One of Britain's leading conservationists believes that there have been at least ten "credible" sightings of Great Whites in British waters in the last 18 years.
The Daily Express reports that leading shark conservationist Richard Peirce has assessed nearly 100 reports of Great Whites - including a number of reports from July 1999 in a stretch of water 12 miles off north Cornwall, witnessed by eight people.
Then, in July 2005, four sea anglers reported a Great White alongside their boat as they fished in the Outer Hebrides. Six years later, another witness described the same shark in the same area.
Mr Peirce writes in BBC Wildlife Magazine: "There has been much speculation about the possible reasons for this, and one theory is that it may be due to the warming of British seas, which has led to changed in the movements of shark prey and thus shark behaviour."
He adds: "I believe that there's a more straightforward explanation for the increase in reported shark encounters: it simply reflects the fact that we are spending more time at sea."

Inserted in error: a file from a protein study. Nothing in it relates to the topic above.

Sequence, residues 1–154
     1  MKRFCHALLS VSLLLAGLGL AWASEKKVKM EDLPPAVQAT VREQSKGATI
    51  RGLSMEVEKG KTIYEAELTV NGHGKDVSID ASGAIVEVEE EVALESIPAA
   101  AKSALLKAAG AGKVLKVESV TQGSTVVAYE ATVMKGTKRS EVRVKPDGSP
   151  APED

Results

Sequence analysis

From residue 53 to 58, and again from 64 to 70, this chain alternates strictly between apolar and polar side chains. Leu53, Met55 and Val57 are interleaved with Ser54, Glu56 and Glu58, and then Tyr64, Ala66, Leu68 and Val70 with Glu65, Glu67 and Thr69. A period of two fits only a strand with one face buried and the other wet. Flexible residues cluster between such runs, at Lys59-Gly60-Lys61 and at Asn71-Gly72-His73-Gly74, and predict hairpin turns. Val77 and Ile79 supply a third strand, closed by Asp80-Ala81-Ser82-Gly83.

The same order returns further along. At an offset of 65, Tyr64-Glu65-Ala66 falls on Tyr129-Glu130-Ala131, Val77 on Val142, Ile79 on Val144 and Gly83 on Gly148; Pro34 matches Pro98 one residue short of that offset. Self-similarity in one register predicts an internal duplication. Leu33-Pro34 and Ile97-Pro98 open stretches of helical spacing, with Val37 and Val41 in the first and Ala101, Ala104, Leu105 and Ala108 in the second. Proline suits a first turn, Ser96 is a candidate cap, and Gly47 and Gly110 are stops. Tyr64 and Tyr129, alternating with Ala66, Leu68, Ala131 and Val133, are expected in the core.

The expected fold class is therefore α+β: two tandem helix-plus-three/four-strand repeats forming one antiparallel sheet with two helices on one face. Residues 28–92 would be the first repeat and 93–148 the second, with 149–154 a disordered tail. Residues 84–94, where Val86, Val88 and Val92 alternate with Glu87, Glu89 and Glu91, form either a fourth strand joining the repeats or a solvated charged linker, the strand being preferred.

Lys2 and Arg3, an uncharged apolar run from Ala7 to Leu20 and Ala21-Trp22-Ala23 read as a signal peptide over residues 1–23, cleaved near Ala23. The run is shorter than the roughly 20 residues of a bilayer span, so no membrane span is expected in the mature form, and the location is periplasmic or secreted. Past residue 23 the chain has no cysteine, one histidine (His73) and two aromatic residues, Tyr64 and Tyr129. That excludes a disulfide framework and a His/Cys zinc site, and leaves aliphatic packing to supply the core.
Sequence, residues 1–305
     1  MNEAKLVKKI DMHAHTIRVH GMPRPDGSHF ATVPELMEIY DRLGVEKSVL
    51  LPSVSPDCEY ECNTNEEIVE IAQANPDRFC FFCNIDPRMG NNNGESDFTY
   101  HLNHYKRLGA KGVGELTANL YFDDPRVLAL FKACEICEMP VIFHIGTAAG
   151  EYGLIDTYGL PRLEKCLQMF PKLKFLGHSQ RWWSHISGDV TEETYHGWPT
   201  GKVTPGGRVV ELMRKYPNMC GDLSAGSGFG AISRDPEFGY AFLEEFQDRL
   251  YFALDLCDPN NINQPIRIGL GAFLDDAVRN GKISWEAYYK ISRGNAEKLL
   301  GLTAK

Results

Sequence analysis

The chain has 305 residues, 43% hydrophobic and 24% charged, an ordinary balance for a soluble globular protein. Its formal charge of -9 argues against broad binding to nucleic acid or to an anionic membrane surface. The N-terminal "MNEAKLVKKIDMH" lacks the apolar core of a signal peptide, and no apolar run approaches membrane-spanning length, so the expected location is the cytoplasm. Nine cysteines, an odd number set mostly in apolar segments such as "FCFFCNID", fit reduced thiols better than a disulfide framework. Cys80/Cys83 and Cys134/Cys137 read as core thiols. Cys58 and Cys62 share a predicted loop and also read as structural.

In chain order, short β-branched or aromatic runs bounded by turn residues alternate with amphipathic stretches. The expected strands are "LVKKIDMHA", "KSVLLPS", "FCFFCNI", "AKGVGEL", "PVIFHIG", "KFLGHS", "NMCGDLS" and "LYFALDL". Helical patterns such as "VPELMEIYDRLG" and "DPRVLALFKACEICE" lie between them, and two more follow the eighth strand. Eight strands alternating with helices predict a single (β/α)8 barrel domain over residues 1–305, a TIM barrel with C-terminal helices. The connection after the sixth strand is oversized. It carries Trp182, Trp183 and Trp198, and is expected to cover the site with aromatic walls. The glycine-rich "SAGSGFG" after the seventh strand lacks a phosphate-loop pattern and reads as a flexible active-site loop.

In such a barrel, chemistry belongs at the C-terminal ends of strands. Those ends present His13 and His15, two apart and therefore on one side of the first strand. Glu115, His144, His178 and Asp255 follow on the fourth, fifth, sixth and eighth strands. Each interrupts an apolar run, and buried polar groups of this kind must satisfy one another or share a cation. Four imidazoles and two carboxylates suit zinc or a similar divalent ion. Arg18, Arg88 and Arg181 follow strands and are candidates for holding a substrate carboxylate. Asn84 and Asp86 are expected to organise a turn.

Earlier this year, a part-fossilised Great White shark's tooth was found embedded in a crab pot off the port of Gairloch in Western Scotland.
The Daily Mail reported that, according to Mr Peirce, this is the first conclusive evidence so far that Great Whites were once found in the seas around the British Isles. He also explained that the most credible sightings have been found in Cornwall and northern Scotland.
The full feature by Richard Peirce is published in the December issue of BBC Wildlife Magazine, on sale now.
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